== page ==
On the other hand is the pragmatic logic of the revolutionary organizations, the main actors on the Central American stage. Their social practice reveals the capacities and incapacities of their analysis and leadership. Some are closed to the intellectuals’ analysis of critical support, and their practice tends toward dogmatism. Others maintain en open attitude not only toward this critical support but also to the experience that they themselves are leading.
There is also the logic of a progressive Christian perspective, which analyzes the projects of the new historic subject from a preferential option for the poor. This logic is making an ethical contribution to the revolutionary process that is increasingly respected, and even needed, by the practical logic of the revolution. This logic, however, is often dominated by fear of manipulation and by the Christian utopia that seeks fraternity as a way of life.
The religious terrain is also the most prevalent source of cultural identity for the great Central American masses, and in this religious identity two images of God are at play. There is the God of tradition, domesticated by the colonial power and accepted by the local elite, even though it is in the end the God of the dominators. On the other side is the God of the oppressed, of those at the bottom, the God of Jesus of Nazareth. This God permits them to overcome the logic of fear and become acculturated into the new historic processes, to be the ferment in the mass of the autonomous human projects and a sign of the new times. This kind of Christianity has led revolutionary movements such as the Sandinistas to accept the presence of Christians and to recognize that “the same beliefs are promoted among the revolutionary militants.
The prolongation of the conflict makes religion the theater of strategic and ethical dispute for the two conflicting projects. The churches’ role as a destabilizing factor or one of mediation and dialogue is being played out in a contradictory way in each of the different countries. At stake here, then, is the legitimization or de-legitimization of ideologies and hegemonic consensus.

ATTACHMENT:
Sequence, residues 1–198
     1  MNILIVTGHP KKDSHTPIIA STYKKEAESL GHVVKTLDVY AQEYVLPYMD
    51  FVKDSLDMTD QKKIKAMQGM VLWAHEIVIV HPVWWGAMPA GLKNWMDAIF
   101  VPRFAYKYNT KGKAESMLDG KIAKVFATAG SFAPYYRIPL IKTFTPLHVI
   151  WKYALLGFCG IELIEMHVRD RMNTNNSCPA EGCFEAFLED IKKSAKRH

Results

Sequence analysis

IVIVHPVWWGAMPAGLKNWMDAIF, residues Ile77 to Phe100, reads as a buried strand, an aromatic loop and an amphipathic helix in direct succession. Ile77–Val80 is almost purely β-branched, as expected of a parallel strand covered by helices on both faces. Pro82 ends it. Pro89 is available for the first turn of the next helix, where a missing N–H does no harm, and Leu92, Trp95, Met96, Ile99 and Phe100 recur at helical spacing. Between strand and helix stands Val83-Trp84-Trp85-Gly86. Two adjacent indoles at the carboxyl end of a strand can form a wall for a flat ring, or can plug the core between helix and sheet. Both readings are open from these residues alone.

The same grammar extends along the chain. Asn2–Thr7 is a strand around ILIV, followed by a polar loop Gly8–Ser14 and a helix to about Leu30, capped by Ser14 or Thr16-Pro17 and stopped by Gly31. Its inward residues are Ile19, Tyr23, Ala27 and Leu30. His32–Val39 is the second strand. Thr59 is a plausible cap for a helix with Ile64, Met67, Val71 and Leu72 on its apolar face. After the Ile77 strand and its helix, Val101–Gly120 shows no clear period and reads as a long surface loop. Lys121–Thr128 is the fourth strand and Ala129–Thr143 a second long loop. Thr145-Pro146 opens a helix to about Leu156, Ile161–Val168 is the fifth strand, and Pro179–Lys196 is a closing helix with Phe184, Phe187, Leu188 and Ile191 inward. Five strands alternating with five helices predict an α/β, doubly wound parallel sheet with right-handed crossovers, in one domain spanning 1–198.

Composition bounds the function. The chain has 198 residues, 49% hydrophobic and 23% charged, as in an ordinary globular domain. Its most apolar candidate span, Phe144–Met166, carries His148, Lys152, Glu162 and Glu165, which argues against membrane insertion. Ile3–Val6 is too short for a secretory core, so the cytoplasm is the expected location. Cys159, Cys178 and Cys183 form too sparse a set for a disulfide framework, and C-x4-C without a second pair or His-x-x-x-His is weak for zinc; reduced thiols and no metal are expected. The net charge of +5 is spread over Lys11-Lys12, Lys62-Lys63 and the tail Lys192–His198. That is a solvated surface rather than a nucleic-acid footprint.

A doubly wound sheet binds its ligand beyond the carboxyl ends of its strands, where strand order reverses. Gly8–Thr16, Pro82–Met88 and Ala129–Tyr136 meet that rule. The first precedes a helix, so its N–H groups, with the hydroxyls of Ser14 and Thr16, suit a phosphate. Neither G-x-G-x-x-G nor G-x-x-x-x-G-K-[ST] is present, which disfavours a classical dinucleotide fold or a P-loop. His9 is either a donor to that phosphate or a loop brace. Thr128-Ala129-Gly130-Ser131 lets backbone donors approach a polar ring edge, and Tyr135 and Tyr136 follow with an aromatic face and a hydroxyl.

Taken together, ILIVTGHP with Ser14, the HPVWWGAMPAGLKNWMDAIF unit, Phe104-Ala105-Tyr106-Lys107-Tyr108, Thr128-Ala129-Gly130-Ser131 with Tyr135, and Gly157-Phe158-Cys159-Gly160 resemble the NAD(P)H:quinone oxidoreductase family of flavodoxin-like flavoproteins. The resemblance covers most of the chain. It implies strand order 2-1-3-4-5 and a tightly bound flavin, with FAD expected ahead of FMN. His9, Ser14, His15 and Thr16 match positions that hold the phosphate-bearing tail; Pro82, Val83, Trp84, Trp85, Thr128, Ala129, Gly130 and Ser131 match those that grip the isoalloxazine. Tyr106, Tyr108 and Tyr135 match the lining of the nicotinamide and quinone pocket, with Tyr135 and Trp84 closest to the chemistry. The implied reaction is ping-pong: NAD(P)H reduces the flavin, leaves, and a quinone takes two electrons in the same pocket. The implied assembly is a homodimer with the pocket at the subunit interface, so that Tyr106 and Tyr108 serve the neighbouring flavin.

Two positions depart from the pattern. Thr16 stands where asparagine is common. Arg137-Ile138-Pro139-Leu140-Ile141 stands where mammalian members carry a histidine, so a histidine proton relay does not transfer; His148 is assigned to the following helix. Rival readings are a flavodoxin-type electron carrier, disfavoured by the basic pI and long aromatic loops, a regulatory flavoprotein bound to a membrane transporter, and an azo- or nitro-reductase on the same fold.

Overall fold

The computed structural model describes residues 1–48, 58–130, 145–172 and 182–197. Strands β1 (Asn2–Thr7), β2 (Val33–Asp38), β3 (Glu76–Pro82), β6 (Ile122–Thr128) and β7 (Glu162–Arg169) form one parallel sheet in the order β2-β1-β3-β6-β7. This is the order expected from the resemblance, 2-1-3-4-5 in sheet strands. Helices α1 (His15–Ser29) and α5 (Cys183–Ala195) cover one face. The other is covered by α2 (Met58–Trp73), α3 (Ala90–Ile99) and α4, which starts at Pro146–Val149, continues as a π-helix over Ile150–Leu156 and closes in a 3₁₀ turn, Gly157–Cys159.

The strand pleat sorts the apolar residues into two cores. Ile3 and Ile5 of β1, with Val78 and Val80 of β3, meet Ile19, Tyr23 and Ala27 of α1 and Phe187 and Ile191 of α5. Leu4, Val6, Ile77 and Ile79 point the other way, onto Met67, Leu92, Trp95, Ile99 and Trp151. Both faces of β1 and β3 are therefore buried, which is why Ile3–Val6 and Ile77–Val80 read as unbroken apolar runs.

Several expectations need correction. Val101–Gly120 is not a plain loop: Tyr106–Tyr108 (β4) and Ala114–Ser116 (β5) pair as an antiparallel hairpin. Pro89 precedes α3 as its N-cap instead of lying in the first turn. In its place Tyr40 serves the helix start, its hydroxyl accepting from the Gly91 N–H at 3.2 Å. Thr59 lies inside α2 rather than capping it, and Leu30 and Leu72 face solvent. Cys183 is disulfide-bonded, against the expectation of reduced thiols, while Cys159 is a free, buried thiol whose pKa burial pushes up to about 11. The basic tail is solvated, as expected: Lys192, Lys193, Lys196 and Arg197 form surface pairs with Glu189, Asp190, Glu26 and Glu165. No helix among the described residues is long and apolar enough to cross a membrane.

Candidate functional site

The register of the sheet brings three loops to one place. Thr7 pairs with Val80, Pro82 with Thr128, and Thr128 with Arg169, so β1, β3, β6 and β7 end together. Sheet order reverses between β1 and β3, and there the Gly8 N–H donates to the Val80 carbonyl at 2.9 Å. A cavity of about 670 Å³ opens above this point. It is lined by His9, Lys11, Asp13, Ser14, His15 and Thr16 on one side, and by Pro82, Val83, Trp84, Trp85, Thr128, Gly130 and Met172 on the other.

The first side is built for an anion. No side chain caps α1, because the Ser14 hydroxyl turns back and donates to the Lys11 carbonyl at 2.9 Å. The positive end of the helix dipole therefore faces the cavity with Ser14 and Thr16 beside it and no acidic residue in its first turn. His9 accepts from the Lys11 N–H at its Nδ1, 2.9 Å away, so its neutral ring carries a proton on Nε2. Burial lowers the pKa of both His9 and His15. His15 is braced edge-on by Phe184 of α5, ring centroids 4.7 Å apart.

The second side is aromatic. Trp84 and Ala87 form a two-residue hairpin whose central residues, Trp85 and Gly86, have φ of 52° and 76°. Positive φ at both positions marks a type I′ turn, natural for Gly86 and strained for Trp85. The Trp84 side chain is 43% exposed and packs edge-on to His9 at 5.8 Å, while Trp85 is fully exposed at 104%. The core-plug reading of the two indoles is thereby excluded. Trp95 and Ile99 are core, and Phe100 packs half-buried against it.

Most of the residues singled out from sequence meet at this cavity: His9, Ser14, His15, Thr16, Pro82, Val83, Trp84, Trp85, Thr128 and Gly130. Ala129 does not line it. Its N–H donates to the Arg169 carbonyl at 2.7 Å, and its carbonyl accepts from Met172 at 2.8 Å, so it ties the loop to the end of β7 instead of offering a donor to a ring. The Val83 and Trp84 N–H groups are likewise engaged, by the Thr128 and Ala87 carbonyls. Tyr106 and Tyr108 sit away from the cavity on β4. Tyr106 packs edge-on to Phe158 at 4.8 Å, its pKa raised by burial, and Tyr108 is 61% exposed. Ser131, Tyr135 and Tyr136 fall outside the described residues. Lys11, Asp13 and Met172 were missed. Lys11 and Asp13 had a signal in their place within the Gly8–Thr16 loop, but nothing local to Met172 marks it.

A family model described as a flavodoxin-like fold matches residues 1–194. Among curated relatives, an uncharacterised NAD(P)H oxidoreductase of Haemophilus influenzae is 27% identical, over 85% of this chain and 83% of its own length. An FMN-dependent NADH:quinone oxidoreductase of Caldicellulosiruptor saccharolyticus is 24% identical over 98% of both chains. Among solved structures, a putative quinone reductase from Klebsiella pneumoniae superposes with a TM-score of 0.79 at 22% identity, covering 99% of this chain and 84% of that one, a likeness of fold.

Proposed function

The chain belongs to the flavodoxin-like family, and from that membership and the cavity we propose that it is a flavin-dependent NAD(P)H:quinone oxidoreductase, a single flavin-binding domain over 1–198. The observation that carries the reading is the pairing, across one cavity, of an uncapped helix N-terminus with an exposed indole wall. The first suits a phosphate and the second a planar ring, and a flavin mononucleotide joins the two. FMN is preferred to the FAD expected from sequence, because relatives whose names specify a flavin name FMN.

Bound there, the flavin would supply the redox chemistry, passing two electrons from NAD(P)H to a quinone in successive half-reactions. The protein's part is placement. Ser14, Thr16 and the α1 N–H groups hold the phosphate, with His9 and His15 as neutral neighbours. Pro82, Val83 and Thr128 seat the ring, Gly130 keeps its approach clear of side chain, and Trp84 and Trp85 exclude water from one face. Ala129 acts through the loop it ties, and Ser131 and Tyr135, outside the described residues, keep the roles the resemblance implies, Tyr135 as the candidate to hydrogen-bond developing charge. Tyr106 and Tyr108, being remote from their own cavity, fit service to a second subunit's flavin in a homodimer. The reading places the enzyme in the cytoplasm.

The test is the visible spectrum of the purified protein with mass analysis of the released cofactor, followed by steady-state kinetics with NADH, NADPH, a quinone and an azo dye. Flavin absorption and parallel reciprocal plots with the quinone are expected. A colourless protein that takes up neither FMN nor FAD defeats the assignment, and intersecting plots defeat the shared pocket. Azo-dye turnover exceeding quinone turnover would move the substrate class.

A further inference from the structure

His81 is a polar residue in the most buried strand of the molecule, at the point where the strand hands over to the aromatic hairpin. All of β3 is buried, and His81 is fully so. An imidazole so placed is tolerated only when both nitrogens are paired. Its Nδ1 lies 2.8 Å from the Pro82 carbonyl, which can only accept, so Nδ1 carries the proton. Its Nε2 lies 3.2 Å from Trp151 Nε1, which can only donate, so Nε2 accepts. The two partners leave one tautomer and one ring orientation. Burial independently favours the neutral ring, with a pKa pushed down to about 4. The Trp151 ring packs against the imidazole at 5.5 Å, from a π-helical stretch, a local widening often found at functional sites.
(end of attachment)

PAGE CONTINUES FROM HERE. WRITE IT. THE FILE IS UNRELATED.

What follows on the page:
This interpretation of the role of religion is not fortuitous. As early as 1968 the Rockefeller Report proposed a special vigilance over the role of the churches to the Nixon administration. Twelve years later the Santa Fe Document transformed that proposed vigilance into a declaration of war against liberation theology, seeing it as a justifying ideology for the attack against “private property and productive capitalism,” a product of ideas “more Communist than Christian.”
Christianity in Central America has been in a slow and enduring fermentation process within the new historic projects and the processes they unleashed. This Christianity has served as ferment for the new humanity, a heart within the heart of the revolutionary world. For their part the revolutions have been a profound challenge to Christian imagination—a prophetic challenge, an organizational challenge, a theological challenge and a symbolic challenge, obliging Christians not to be Marxists but to be more Christian.
The organizational challenge manifested in growing popular participation has permitted the birth of the Christian Base Communities, the “school of forgers of history,” as Puebla called them.
The theological challenge is to give reason from one’s faith and hope to a prolonged struggle that offers no hope. In this sense, the human experience and hope of this cultural identity confronts and enriches the Christian hope and is complemented by it.
The symbolic challenge is to find forms of celebration, of existence, of life. Without fiesta in Central America there is no humanization of life.
Faced with this convergence and cultural synthesis, the imperial project tries to satanize and distorts these phenomena. Nonetheless, the fact that the Central American revolutions are open to world observation is counteracting this satanization and beginning to overcome the stigmatizing mechanism within US society itself. The appearance of a “fifth column,” as a high Defense Department general called it, triggered among Christians in the United States by the experience of these cultural and Christian conversions in Central America is one of the most important political phenomena in current US policy.